Economic Cha-cha to boost PH’s investment appeal, says solons
MANILA, Philippines — Amending the 1987 Constitution’s economic provisions — if fulfilled — would send a signal to the rest of the world that the Philippines is ready and flexible for investments, two members of the House of Representatives said on Monday.
Marikina 2nd District Rep. Stella Quimbo and Albay 2nd District Rep. Joey Salceda, in a press briefing claimed that there will be helpful immediate and long-term effects if the country eases restrictive economic provisions, especially since the Philippines is currently a hard-sell due to limits in foreign ownership.
“Opening our economy is a way of signaling to the world that we are a flexible economy — that’s the problem of our restrictive economic provisions in the Constitution, we are inflexible in their eyes,” Quimbo told reporters.
“So if investors think we are inflexible, we need to address this and fix it. So by doing that, it’s a clear signal that now, the new Philippines is not like what it was before, and soon capital would arrive. And what evidence do we have? It happened in the energy sector,” she added.
Quimbo said being a hard-sell requires the President and his economic team to visit other countries and religiously attend investment summits, because the world thinks the Philippines does not have a clear stand on economic liberalization.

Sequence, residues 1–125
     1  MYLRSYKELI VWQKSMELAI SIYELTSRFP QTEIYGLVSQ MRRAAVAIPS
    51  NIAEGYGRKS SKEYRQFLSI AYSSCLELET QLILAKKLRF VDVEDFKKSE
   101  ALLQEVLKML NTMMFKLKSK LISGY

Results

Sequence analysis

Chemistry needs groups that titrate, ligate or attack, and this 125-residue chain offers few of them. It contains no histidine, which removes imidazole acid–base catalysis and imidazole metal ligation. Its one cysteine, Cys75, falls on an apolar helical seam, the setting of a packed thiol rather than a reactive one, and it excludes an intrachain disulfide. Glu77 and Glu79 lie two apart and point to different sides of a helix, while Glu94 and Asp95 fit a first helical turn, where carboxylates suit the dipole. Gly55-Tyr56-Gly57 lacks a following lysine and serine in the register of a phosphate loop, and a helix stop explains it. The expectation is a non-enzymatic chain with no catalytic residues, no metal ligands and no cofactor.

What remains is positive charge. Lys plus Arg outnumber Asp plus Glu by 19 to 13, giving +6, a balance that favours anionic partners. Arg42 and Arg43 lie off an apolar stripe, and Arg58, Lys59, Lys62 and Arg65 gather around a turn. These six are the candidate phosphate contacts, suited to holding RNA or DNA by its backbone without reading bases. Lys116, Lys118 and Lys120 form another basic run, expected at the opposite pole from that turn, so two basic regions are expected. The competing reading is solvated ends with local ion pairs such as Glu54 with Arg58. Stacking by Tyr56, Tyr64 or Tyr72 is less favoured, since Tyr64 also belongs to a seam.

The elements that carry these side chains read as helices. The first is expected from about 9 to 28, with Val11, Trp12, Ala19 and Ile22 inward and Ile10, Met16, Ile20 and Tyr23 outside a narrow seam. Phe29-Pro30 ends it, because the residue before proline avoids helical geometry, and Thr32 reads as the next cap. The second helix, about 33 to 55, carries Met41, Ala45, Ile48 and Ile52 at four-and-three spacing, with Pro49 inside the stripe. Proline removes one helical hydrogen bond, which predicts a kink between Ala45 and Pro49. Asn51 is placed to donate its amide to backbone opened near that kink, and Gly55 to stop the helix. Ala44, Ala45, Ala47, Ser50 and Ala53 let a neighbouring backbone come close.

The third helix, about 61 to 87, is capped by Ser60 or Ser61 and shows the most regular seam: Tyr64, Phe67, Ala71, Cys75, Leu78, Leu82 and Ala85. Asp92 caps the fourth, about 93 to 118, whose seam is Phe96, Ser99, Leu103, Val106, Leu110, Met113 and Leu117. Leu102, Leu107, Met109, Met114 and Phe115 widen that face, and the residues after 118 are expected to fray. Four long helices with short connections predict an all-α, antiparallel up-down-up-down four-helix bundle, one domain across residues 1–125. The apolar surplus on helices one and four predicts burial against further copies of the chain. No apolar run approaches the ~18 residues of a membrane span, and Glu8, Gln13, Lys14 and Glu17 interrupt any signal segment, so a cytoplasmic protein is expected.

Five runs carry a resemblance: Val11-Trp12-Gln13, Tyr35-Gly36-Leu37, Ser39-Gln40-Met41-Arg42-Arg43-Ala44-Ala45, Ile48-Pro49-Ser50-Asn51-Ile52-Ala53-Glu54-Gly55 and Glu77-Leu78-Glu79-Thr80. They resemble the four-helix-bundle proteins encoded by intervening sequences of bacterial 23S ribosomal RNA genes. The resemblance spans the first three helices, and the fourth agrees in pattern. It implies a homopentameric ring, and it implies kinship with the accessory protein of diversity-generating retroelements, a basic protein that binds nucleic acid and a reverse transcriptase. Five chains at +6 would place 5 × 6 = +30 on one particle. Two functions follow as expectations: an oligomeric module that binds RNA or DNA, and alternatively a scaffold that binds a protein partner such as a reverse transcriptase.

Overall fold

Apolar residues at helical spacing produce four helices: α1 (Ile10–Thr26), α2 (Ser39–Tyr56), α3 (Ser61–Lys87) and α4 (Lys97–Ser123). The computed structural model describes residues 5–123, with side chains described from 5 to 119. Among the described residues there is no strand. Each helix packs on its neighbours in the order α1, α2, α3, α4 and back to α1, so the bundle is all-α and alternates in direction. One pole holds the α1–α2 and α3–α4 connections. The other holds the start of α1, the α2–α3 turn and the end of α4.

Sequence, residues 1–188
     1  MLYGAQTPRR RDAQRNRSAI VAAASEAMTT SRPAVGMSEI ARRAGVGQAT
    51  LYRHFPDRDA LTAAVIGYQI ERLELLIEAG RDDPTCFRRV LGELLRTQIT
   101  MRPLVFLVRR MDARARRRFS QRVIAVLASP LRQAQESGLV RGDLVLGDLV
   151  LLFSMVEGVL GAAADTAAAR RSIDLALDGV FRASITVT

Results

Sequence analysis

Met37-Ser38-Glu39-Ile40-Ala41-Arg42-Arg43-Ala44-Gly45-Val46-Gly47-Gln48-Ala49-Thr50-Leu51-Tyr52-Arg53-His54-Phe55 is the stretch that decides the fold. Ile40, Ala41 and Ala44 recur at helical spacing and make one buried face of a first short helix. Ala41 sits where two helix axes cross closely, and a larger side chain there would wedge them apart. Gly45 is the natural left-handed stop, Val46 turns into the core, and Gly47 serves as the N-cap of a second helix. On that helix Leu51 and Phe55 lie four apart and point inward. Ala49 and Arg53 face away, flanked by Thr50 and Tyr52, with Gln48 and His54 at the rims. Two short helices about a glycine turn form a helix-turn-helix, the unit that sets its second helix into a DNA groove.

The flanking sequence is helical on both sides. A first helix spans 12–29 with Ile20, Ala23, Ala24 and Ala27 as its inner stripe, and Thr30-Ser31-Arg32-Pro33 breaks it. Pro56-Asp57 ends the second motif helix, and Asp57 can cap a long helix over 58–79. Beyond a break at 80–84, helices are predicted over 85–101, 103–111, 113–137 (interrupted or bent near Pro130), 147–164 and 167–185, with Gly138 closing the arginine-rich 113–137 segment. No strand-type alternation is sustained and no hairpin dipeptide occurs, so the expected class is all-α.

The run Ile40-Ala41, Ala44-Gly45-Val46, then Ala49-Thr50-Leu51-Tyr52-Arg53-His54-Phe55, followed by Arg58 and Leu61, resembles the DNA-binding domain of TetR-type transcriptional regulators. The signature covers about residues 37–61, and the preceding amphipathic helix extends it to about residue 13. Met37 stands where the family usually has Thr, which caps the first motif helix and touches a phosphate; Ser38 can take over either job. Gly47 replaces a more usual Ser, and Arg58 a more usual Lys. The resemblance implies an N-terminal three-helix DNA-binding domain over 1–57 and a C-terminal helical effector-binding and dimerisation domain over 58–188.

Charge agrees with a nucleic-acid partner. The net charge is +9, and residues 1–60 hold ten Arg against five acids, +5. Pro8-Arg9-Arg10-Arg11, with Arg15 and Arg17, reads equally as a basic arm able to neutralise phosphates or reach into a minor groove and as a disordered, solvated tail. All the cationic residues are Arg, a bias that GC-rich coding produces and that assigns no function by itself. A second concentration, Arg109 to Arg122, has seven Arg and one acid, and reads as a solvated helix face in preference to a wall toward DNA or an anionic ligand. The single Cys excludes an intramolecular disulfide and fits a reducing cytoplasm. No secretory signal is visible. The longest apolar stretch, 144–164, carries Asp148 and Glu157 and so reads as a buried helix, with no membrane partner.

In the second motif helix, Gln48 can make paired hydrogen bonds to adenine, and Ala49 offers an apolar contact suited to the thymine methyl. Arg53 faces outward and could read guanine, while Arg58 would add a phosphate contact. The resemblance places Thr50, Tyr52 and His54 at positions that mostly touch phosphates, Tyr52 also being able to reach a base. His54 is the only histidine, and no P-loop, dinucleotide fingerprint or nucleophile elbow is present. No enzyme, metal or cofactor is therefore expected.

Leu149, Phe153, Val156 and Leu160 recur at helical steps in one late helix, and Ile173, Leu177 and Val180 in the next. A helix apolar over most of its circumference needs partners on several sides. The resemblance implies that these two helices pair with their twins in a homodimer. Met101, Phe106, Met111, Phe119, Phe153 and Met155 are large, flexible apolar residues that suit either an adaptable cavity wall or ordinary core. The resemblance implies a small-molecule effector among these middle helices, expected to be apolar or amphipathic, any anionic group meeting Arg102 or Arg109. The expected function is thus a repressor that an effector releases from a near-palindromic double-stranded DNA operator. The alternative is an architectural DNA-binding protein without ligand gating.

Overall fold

Salceda meanwhile believes the impact of amending the 1987 Constitution can be felt immediately, because it would increase the demand for stocks at the stock market — and therefore increase the price of each share for many companies.
“In the stock market you can feel that immediately, that’s a huge signal indicating that the economy is open. As of now if you look at the stock market, it seems dead because the shares there are owned by Filipinos,” he explained.
“But if you say that the shares there can be bought by foreigners, prices would spike, you can see that. So there is an immediate, there’s an intermediate, as well as long-term impact, but the immediate impact will be in the stock market,” he added.
Quimbo said one proof of economic changes bringing in investments can be seen in the amendments to the Public Service Act (PSA), which she said brought in huge funding to the energy industry.
However, the Marikina lawmaker noted that while telecommunications was included in the list of utilities that are open to foreign investment, it was also placed under the category of critical infrastructure, which means it is subject to a 60-40 ownership share with only the lesser value open to foreign firms.